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Musical Instruments in the Local Church


(Note:  The following is a reply to an inquiry regarding the subject by a supporter of the website from Riyadh, Saudi Arabia.  This reply is by no means meant to be all-inclusive regarding the subject.)


The inquiry 


Dear Charles,


In our church, worship order includes songs & praises and singing the hymnal songs with accompaniment of guitars, electric organ and drums.  Question: Is it proper to use these instruments during worship?  Please enlighten us on this issue for some of our members are questioning the use of drums, thank you.


In Christ Alone,

Leo (last name blotted out)


My reply




The apostle Paul stipulated that Christians are to communicate with one another “in psalms and hymns and spiritual songs, singing and making melody in [their] heart(s) to the Lord” (Ephesians 5:19).  The same is mentioned by Paul in Colossians 3:16, a companion passage to Ephesians 5:18-20; showing that to be “filled with the Spirit” is the equivalent of “the Word dwelling richly” within a Christian.  So there is no doubt that singing by Christians is established in the New Testament.  Furthermore, Jesus Christ sang a hymn along with His disciples in Matthew 26:30.


The origin of vocal music may be unknown, but the use of musical instruments (e.g., the harp and flute) was first documented in the Bible in Genesis 4:21.  God also commanded Moses to make two silver trumpets for “calling the congregation and for directing the movement of the camps” (Numbers 10:2).  After God delivered the Israelites through the Red Sea, Moses and Miriam led the children of Israel in song, employing musical instruments (Exodus 15:1-20).  Some have called the period from Samuel through Solomon the “golden age of Hebrew music.”  During this time King David contributed more than any other individual to raising music to an exalted position in Israel.  David was both a musician and a poet.  Upon taking the reign as king, he brought music to the highest place of honor in the service of worship (1 Chronicles 15:16-28; 25).  David was also an inventor of musical instruments (1 Chronicles 23:5; Nehemiah 12:36).  Musical instruments (trumpets) and singing were used at the dedication of the new walls of Jerusalem (Nehemiah 12:31, 40-42).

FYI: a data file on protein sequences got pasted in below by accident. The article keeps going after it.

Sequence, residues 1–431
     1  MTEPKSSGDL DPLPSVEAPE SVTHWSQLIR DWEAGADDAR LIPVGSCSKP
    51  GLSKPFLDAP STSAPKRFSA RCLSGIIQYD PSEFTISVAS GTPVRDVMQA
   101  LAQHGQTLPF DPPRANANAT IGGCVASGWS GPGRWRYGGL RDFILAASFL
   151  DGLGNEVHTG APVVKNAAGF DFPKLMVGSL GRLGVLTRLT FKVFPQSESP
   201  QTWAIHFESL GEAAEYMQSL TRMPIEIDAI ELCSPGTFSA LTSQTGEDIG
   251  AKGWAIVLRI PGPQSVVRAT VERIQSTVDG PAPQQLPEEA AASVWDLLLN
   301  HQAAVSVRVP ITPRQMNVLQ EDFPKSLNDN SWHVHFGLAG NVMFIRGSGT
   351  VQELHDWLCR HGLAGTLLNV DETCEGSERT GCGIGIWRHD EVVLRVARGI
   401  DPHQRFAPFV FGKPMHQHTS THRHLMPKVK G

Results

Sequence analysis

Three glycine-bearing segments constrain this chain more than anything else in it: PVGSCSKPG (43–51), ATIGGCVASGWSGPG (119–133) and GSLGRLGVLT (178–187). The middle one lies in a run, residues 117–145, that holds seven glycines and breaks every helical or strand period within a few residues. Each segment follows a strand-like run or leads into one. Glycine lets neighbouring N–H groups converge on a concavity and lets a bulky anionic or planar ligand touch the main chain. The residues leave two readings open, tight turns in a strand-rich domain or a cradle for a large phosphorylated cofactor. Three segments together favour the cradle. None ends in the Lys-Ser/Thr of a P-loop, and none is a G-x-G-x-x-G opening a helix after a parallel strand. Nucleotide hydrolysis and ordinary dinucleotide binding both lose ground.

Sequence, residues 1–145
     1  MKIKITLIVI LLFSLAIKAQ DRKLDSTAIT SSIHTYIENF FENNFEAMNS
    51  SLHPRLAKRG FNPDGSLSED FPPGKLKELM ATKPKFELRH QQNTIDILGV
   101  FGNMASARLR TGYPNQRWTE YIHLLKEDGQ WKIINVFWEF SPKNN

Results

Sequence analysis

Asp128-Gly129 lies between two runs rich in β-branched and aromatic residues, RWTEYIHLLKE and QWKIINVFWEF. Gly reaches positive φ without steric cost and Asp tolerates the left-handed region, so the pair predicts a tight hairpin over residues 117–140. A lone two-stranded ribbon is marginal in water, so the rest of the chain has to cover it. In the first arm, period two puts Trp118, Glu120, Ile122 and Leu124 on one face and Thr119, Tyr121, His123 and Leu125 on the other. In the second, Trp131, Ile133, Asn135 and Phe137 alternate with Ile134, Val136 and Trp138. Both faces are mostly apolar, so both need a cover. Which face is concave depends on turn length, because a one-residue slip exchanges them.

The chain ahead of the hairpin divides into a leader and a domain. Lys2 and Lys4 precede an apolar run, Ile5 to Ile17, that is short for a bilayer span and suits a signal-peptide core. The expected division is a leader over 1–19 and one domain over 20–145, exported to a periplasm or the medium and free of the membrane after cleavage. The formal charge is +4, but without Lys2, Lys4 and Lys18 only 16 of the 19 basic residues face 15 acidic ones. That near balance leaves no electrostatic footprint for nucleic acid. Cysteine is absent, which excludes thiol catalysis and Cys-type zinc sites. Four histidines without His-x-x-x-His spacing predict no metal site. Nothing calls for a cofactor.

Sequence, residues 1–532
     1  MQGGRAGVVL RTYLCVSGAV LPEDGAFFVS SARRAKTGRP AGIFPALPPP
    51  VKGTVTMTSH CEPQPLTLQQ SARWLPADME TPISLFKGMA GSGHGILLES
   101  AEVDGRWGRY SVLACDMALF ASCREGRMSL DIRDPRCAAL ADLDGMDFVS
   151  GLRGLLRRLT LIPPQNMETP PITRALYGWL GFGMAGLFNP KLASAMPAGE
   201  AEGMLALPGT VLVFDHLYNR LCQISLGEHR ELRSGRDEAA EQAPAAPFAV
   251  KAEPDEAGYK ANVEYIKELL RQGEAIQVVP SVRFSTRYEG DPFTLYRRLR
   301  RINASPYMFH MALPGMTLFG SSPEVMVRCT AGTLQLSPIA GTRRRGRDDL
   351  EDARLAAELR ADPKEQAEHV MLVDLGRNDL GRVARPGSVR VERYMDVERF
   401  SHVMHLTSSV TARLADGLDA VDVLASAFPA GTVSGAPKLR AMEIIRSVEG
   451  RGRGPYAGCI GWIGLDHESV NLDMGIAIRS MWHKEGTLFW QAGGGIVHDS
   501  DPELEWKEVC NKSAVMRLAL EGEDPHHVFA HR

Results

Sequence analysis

Musical instruments (e.g., strings, wind, and percussion) are mentioned throughout the Word of God:  (1)  Old Testament:  Genesis 4:21; 31:27; Exodus 15:20; Judges 11:34;  1 Samuel 10:5; 16:16, 23; 18:6; 2 Samuel 6:5Jeremiah 31:4;  Psalm 33:2; 92:3; 98:6; 137:1-4144:9; 150:4;  Ecclesiastes 2:8; Isaiah 5:12; 23:16; 24:8; 30:29; 38:20; Daniel 3:5, 7; 6:18; Amos 6:5; 1 Kings 1:40; 10:12; 1 Chronicles 15: 16, 19, 28; 16:5; 2 Chronicles 15:14; 20:27, 28; Job 21:12; 30:31; Hosea 5:8; Ezekiel 33:32, etc.; and (2) New Testament:  Matthew 11:17; Luke 7:32; 1 Corinthians 14:7; Revelation 5:8; 14:2; and 15:2.


It appears to me that those within your local church have a tendency toward legalism, a problem that existed within local churches from the very beginning of Christianity.  At that time it was the effort of some to keep the “letter” requirements of traditional law, while missing out on its “spirit” altogether (Romans 14:4-6; Galatians 4:9-11, Colossians 2:16).


It is clear in the Word that God does not condemn the use of song or musical instruments with respect to man’s efforts in serving Him.  Just because we now have more advanced instruments over the harp, pipe, trumpet, and cymbal as seen in the Bible should have no bearing in the matter.  If these more advanced instruments are non-biblical, then I suppose the telephone, radio, television, the Internet, and a whole host of other modern advancements would be non-biblical in service to our Lord.


I can only suggest to those in your congregation that God looks at the heart, not the form (1 Kings 8:39; 1 Samuel 16:7; 1 Chronicles 28:9; Psalm 7:9; Jeremiah 11:20; 17:10; 20:12; Acts 1:24).  If they who use such musical instruments do so in sincerity to honor and praise our Lord, that is what counts.